Happy Agent Monday, all! What? It’s Tuesday? Okay, so I am a bit late on this one, but, hey, I was taking care of business yesterday. Doing things like reading a full manuscript, and corresponding with interns and clients, and dealing with some contract-related stuff, plus putting together a full-day “Spend the Day with an Agent” presentation for this Friday, which I’ll be doing as part of the Push to Publish Conference sponsored by Philadelphia Stories. So, yeah, Agent Monday slipped away cuz I was busy, well, taking care of business. And that is the topic of my post today. Why? Because when the writer seeks an agent, he must put down his creative hat and put on his business hat. When creative meets business, you’ll need to make some adjustments for true success.
Writers are creative people. They work on their own. They get lost in their words. They are independent. If I could turn on a webcam and find you banging out your novel, chances are pretty good you’d be wearing sweats, your hair just might be sticking up and you’d have a cold coffee at your side. If I were to interrupt you in your moment of epiphany, you wouldn’t be too pleasant. You are in your own world, which is just where you should be.
Now lets pretend, for a sec, that instead of working on your novel or being your writerly self, you decided to get a cushy corporate job somewhere (hey, it’s PRETEND). You’re a smart person, so you know to get a professional resume together, and to research the firms you’d like to approach. You’d apply for jobs, and when you’d get called in for an interview? You’d put your best professional foot forward. Day of interview, you’d show up in your best business attire, well-groomed. You’d be ready to demonstrate your best assets, and show that you can work well with others, plus you would be sure to have an understanding of the business. You would be, in a word: READY.
Alrighty then. Here’s my point. When you, the creative writer, approach me, the agent, you are stepping out of your creative zone and into the business zone of publishing. The same is true if you are approaching an editor directly. That means that you research who you are approaching, discover why you are right for them and they are right for you. The query letter? That’s a business letter. It should be professional and clean. Like a job application, the query should highlight what you are offering (what’s your book about), should show you have done your work to understand the business side of things (your book’s genre should be accurate, its length should fit the genre, say what audience the book appeals to…in short, where it belongs in the marketplace…), and also demonstrate that you are someone I’d work well with (bio that shows you are a serious writer, tone that is professional and cooperative, evidence/willingness to engage in social media and to market).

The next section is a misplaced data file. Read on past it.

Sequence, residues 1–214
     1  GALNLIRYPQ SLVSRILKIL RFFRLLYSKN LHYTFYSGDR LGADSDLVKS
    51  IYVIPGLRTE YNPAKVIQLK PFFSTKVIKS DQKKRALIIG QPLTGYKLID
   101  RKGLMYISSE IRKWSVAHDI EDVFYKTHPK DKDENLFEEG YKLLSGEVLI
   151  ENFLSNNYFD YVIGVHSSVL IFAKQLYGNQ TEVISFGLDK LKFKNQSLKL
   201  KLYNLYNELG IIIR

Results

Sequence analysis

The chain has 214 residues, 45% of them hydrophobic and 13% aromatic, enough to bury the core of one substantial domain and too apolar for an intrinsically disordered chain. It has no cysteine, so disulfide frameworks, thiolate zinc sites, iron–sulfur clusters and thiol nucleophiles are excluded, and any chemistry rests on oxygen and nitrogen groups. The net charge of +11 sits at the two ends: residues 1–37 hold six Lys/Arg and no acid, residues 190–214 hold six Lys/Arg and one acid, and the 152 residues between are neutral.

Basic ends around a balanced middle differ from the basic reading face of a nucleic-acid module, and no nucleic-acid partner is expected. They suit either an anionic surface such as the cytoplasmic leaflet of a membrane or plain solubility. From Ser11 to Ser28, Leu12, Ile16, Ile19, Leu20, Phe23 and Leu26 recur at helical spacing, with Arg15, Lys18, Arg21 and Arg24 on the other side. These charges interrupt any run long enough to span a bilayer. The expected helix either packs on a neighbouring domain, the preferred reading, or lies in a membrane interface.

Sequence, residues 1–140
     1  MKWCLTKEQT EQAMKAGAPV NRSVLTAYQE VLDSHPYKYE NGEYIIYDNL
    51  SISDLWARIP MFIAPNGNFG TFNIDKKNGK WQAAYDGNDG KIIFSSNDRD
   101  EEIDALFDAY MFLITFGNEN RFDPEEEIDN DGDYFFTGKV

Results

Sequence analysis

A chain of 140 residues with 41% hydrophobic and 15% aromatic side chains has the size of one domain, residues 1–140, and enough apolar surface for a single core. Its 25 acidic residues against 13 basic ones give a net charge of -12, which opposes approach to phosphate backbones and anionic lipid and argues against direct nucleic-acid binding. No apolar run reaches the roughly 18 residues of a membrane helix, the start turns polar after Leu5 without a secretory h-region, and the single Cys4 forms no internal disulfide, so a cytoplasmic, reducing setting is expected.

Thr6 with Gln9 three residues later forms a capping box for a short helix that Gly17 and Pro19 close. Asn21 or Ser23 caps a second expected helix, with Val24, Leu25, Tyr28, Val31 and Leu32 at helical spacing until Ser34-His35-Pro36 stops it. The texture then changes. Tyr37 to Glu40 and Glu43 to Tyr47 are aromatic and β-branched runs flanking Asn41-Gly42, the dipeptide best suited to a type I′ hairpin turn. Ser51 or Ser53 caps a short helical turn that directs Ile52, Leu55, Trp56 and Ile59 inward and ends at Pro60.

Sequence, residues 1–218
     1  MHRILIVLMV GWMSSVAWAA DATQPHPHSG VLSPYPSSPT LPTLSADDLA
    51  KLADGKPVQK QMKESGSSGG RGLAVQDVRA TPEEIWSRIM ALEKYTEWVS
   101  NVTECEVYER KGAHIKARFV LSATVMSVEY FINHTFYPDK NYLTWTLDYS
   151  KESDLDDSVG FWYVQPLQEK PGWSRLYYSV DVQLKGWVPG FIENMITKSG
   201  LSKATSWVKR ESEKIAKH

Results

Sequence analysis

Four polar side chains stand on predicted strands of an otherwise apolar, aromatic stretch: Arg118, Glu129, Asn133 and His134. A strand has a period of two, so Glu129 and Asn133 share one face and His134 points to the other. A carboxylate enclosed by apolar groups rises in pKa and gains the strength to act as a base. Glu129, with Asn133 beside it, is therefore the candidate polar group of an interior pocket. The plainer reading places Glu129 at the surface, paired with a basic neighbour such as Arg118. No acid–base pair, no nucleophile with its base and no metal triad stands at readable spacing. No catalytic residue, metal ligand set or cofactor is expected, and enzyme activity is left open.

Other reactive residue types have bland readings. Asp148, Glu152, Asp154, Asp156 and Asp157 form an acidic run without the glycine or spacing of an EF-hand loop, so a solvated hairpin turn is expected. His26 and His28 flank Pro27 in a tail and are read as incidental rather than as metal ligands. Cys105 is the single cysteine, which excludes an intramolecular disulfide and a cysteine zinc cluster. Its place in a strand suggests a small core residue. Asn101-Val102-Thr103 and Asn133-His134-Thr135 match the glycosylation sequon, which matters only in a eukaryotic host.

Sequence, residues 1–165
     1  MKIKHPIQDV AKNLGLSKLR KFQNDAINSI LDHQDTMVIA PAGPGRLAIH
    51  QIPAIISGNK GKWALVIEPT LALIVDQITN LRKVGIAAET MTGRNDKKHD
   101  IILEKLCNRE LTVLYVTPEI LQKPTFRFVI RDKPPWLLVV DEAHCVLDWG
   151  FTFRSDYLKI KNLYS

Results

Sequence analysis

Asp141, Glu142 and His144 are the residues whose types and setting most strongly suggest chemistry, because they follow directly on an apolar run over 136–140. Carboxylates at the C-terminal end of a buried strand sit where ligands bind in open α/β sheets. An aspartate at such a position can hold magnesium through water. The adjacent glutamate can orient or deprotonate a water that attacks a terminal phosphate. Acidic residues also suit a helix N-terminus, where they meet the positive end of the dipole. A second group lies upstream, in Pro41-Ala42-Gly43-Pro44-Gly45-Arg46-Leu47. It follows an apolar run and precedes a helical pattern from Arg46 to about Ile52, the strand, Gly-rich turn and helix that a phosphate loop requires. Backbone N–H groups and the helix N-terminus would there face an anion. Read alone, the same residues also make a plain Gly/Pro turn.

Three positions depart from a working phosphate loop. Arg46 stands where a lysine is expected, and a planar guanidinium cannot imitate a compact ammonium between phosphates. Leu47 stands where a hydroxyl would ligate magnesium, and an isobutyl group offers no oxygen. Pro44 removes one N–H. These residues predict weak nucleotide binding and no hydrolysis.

Your manuscript, if requested, it’s kinda like a job interview. It’s you showing up and demonstrating all you have to offer and proving that you are right for the job. The manuscript should also have a proper professional polish. Formatted correctly. Edited to perfection. It should make me shout: YOU’RE HIRED! Or rather, you’re REPRESENTED!
And if you ever meet an agent or editor at a conference? View that a bit like a job interview, too, though more like a first round of interviews vs. a final one. Dress neatly. Act like a pro. Do your research about the person ahead of time so you can have a meaningful discussion and ask pertinent questions. You want to leave a positive impression.
That creative self is still there within you, but don’t let it get in the way of the business of getting your manuscript sold. Change your creative hat for your business hat (and while you’re at it, change out of those jammies and comb your hair too! ). Always represent yourself and your product professionally, and that will give your manuscript the best chance possible.
*Marie is an Associate Agent at the Jennifer De Chiara Literary Agency in New York City. To keep up with all her posts, subscribe to her site by clicking on the “Subscribe to Marie’s site here” link located on her page on the upper left margin.